Lotus Elan

.75 master cylinder bore and +2 brakes

PostPost by: Tahoe » Sat Jan 22, 2011 10:11 pm

Just posted in things in common and identified my Master Cylinder as a Datsun dual master with a .75 bore. If I go with +2 front brakes will this be a good combo? Pedal is hard now which is understandable with a large bore and original brakes. I know the pedal pressure should decrease with the +2 calipers, but will it decrease enough, or should I source a slightly smaller bore, say .7? I've read most of the old threads on this subject, but I'm not getting a definitive answer if this is agood combo, so I posted again.
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PostPost by: types26/36 » Sat Jan 22, 2011 10:41 pm

Do you have a servo? If I remember correctly a servo assisted car has a .7 master cyl and a non servo car has a 5/8 cylinder, unless you are one of those people who don't like servos why not fit one.....that should help with the pedal feel.
(This should kick off the old chesnut......."take off servo" debate.... :lol: :lol: )
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PostPost by: Tahoe » Sat Jan 22, 2011 11:13 pm

types26/36/74 wrote:Do you have a servo? If I remember correctly a servo assisted car has a .7 master cyl and a non servo car has a 5/8 cylinder, unless you are one of those people who don't like servos why not fit one.....that should help with the pedal feel.
(This should kick off the old chesnut......."take off servo" debate.... :lol: :lol: )


Well,I would have to add 2 servos because of the dual circuit. I prefer to not have a servo. I've sourced some +2 front brakes, complete with axle shafts, brackets, rotors and calipers, etc. Haven't bought them yet but will most likely buy them if the price is right. I've also noticed some GT6 brake kits advertised lately, but that would still leave me short the axles and caliper brackets, so buying everything in one lot seems to make more sense.
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PostPost by: bcmc33 » Sun Jan 23, 2011 12:44 am

Tahoe wrote:Just posted in things in common and identified my Master Cylinder as a Datsun dual master with a .75 bore. If I go with +2 front brakes will this be a good combo? Pedal is hard now which is understandable with a large bore and original brakes. I know the pedal pressure should decrease with the +2 calipers, but will it decrease enough, or should I source a slightly smaller bore, say .7? I've read most of the old threads on this subject, but I'm not getting a definitive answer if this is agood combo, so I posted again.

A 3/4" bore M/Cyl will work OK but it will need a lot more pedal pressure than the ideal 5/8" M/Cyl to achieve good braking performance.
With a non servo system the 5/8" will be best, especially when changing to +2 calipers.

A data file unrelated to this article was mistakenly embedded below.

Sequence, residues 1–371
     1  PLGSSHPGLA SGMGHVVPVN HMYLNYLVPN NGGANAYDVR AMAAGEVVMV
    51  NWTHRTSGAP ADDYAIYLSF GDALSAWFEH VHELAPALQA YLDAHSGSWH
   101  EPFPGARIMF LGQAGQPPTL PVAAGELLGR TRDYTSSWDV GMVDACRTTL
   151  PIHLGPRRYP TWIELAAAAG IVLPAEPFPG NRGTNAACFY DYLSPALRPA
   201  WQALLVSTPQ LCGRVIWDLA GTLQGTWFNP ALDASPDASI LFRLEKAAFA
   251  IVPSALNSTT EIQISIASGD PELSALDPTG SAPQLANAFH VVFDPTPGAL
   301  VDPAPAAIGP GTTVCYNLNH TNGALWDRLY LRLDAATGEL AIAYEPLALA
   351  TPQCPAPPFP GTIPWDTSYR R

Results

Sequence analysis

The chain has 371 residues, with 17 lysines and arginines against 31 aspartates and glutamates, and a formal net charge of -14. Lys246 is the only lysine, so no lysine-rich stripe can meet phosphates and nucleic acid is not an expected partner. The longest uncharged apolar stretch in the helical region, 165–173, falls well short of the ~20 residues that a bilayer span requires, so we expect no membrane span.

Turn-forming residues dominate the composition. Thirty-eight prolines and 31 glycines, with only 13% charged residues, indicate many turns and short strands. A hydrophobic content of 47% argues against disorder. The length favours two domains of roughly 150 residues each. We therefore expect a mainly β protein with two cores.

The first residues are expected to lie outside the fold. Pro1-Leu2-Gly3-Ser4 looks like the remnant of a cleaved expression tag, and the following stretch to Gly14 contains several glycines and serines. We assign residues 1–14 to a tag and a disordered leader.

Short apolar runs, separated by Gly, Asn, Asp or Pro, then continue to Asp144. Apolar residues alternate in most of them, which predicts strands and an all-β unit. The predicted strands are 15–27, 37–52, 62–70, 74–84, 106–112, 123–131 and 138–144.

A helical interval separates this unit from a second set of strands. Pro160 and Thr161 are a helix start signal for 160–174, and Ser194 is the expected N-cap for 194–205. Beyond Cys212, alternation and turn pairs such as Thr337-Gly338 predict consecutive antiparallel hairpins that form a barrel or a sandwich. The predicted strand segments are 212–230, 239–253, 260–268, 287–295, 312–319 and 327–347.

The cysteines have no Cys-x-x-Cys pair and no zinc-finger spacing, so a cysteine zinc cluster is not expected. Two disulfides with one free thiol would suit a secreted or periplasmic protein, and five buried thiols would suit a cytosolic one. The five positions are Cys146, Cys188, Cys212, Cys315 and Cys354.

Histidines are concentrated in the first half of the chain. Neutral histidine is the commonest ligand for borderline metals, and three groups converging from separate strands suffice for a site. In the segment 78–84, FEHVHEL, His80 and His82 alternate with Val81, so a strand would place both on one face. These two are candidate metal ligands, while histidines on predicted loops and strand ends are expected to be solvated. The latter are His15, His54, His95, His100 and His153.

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PostPost by: cabc26b » Sun Jan 23, 2011 4:38 pm

Brian ,

Lotus used a master in .7 w/o servo ford also used a .7 and .75 non servo on the Cortina.( both single and tandem)

BCMC33,

What constitutes a "lot more pressure" ? Are there some maths you have that express this at the pedal ?

Also I thought that if you went up in caliper piston size you needed to displace more fluid to move the piston the same distance so, an increase in the master cylinder is required ( you don"t want to bottom out) . you also have or can play with pedal ratio , pad's etc.

I have never done the whole exercise and so thought maybe you have run the math on the whole system to calculate brake torque ( and here , I think, you are capped to a large extent by limitations in the diameter of the disk.)


Tahoe - I once ran a system close to what you are proposing ( I say close b/c I can't recall the diameter of the tandem set up , but it was not .625 ) I'll see if I have a part number for the tandem and report back.

George
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PostPost by: mikealdren » Sun Jan 23, 2011 5:53 pm

The force applied through the pedal is converted to pressure in the fluid. For a given force on the pedal, the smaller the piston in the master cylinder, the higher the pressure. The smaller piston requires greater pedal travel for the same fluid displacement.

Similarly, at the other end, a small piston produces less force on the pad. A larger piston produces more force but requires more fluid displacement.

The force exerted is in proportion to the areas of the pistons (and hence the square of the radii). Decreasing a piston from .75" to .70" reduces the radius from .375 to .35 and decreases the load required by about 13% (if my maths is right) for the same fluid pressure.

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